What is it like for a medical student to cut open a body for the first time?: originally appeared on Quora: The best answer to any question. Ask a question, get a great answer. Learn from experts and access insider knowledge. You can follow Quora on Twitter, Facebook, and Google+.
I simultaneously felt awe, fear, excitement, humility, cowardice, courage, frailty, strength, embarrassment, curiosity, sorrow, and joy.
This was only my second day of medical school, but there I was, in the basement, with a real human body in front of me, preparing with a group of four others to make the first incision of many into a being that was human but could not feel, could not move, could not see, could not scream.
Lift the tank covers. Elevate the body from the tank. Unzip the body bag. Gingerly remove the towel covering the body. Moment of stunned silence.
I cannot adequately describe the mental/emotional overload. There doesn't exist a word in the English language for it: every neuron was firing frantically, and every emotion was in such high gear. Everything eventually melded into an unworldly sense of... calm? that I'd never quite experienced before.
Ready, set... incision.
The moment that scalpel blade pierced skin, I damn near drowned in a mental storm: how do I detach myself enough to continue cutting what was once a living human being, but remain humanly connected such that I can appropriately appreciate their incredible sacrifice?
Keep cutting. This incision has to be straight. Don't go too deep or else you'll ruin muscle. Just work through the subcutaneous fat. Easy, there. Careful.
I'm not sure I ever resolved that struggle, honestly. Being on the receiving end of such an incomprehensibly generous gift is just... staggering... but also confusing. I've never had an experience constantly make me question my understanding of humanity and personhood.
I never felt nauseous, grossed out, or faint. But then again, I've never been a particularly squeamish person, so maybe I'm the wrong person to ask about this, as I know a good many people were clobbered by the smell of the preservative.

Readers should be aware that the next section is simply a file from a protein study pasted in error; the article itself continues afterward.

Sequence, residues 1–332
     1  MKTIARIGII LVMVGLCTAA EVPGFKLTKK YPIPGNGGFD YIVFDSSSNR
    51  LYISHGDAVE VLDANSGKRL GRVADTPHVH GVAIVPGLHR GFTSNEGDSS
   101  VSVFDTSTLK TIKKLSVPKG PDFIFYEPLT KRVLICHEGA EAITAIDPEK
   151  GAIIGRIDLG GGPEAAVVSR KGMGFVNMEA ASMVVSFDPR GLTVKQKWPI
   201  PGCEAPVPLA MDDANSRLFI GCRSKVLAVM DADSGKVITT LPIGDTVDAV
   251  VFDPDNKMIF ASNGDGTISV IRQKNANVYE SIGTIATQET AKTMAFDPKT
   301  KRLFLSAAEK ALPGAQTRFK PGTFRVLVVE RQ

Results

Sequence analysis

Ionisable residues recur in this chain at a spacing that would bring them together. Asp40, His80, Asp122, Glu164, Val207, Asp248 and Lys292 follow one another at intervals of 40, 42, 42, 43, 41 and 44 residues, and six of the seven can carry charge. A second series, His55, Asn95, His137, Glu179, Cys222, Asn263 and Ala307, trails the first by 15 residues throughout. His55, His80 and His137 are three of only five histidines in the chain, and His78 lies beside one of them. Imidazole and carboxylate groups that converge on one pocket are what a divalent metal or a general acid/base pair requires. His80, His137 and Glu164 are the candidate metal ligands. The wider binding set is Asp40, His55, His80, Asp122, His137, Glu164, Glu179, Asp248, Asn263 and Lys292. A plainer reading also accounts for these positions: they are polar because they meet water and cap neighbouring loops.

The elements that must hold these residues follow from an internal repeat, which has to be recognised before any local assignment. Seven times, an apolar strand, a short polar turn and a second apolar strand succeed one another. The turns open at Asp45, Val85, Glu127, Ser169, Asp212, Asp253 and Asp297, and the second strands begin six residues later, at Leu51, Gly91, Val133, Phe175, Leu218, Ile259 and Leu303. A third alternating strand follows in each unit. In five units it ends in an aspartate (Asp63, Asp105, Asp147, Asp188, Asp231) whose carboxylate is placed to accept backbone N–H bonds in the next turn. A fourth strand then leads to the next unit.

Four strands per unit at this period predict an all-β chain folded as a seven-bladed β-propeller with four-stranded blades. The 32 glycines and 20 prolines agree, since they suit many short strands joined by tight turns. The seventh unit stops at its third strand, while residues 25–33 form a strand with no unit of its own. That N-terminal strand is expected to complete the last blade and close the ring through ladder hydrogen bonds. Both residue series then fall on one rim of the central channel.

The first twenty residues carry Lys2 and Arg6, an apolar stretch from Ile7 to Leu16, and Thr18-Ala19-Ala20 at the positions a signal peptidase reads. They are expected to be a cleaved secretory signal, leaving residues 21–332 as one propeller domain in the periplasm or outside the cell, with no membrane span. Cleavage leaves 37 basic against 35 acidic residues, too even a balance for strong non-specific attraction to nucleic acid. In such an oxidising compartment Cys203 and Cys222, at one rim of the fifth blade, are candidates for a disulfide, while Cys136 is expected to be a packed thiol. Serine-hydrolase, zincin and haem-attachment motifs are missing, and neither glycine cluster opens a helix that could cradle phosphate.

As the days went by, I continued to skin, cut, peel, break, explore. Days became weeks. Weeks became months. We learned various details about our cadaver as we went along. We found signs of surgery. We found bleeds and clots. Etc.
I know most other tanks came up with names for their cadavers, but I never felt comfortable naming ours. Something about arbitrarily making up a name felt off. To this day I still think of her mentally just as "Teacher".
Eight months of dissection later, it was over. A week after completion of our anatomy course, our class held a donor dedication ceremony, where we honored the sacrifice of those who donated their bodies for us to learn from. It was touching to hear my classmates speak about their experiences, and it was heartening to see the high attendance numbers -- I think we really made our anatomy faculty proud of our solidarity in showing humanity/grace.
While I was extremely pressed for time to submit a massive research paper due that same day, I agreed to participate in the ceremony and put together a little speech (copied below). I didn't entirely stick to the script -- I had an unexpected and powerful wave of emotion towards the end, and my focus blurred for a moment as I struggled to recollect my thoughts and hold back tears. I managed to complete the speech, albeit with a bit of hoarseness in my voice, and after I was done speaking and the applause started, I could only describe my emotional state as that of catharsis. I felt... relieved. Released. Grateful that I had been given the opportunity to pay my respects. It wasn't that I felt... sad, per se, truth be told, I don't really know how to describe that particular emotional state either. Perhaps only those who have been through the anatomy experience will ever really understand it? I'm not sure.
Back when I first discovered the beauty of the screwdriver and its magical ability to take things apart and show me the inner workings of whatever poor piece of technology I tackled, my father gave me a piece of advice: "It doesn't mean anything to be able to take something apart if you can't restore it to its original whole."